RECORD: Darwin, C. R. 1862. Do bees vary in different parts of Great Britain. Journal of Horticulture and Cottage Gardener (10 June): 207.

REVISION HISTORY: Scanned, text prepared and edited by John van Wyhe 2003-8. RN2

NOTE: See record in the Freeman Bibliographical Database, enter its Identifier here.

[page] 207


I SHOULD feel much obliged if the "DEVONSHIRE BEEKEEPER" or any of your experienced correspondents would have the kindness to state whether there is any sensible difference between the bees kept in different parts of Great Britain. Several years ago an observant naturalist and clergyman, as well as a gardener, who kept bees, asserted positively that there were certain breeds of bees which were smaller than others, and differed in their tempers. The clergyman also said that the wild bees of certain forests in Nottinghamshire were smaller than the common tame bees. M. Godson,2 a learned French naturalist, also says that in the south of France the bees are larger than elsewhere, and that in comparing different stocks slight differences in the colour of their hairs may be detected. I have also seen it stated that the bees in Normandy are smaller than in other parts of France. I hope that some experienced observers who have seen the bees in different parts of Britain will state how far there is any truth in the foregoing remarks.3 In the Number of your Journal published May 15, 1860, Mr. Lowe4 gives a curious account of a new grey or light-coloured bee which he procured from a cottager. If this note should meet his eye I hope he will be so good as to report whether his new variety is still propagated by him.—CHARLES DARWIN.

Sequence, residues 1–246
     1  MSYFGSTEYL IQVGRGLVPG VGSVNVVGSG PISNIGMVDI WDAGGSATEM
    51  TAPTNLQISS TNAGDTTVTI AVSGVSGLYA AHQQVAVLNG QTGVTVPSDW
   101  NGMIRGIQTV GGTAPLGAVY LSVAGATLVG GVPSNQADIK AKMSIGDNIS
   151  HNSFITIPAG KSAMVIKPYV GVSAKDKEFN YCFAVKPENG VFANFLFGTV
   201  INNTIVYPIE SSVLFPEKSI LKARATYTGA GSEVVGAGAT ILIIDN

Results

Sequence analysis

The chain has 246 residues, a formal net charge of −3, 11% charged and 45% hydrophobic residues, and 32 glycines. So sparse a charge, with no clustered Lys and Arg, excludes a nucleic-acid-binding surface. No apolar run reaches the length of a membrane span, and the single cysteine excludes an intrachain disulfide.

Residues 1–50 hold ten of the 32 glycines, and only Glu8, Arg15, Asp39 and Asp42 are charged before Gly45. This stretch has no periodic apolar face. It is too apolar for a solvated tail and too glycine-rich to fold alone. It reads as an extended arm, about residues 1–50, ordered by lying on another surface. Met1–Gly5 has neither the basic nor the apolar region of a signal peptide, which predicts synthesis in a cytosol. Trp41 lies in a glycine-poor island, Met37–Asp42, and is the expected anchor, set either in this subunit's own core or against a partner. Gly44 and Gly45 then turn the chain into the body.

[We insert this without expressing any opinion, because we wish to have answers from as many of our readers as have paid attention to the subject. We, as well as the well-known writer of this inquiry, will be greatly obliged by any observations upon the subject. — EDS. of J. OF H.]

1 Thomas White Woodbury (1818-1871), who signed his contributions 'A Devonshire bee-keeper', and an editor of the bee section of the Journal of Horticulture, forwarded a slightly altered version of this letter to the Bienen Zeitung: Darwin 1862. See Correspondence vol. 10, p. 238-9.

2 Misprint of 'Godron': Dominique Alexandre Godron (1807-1880), French botanist, zoologist and ethnologist.

3 Five responses to Darwin's letter were published in the Journal of Horticulture. Darwin referred to the absence of distinct breeds of bees in Variation 1: 297-8.

4 J. Lowe, a beekeeper in Edinburgh; Darwin refered to Lowe 1860.

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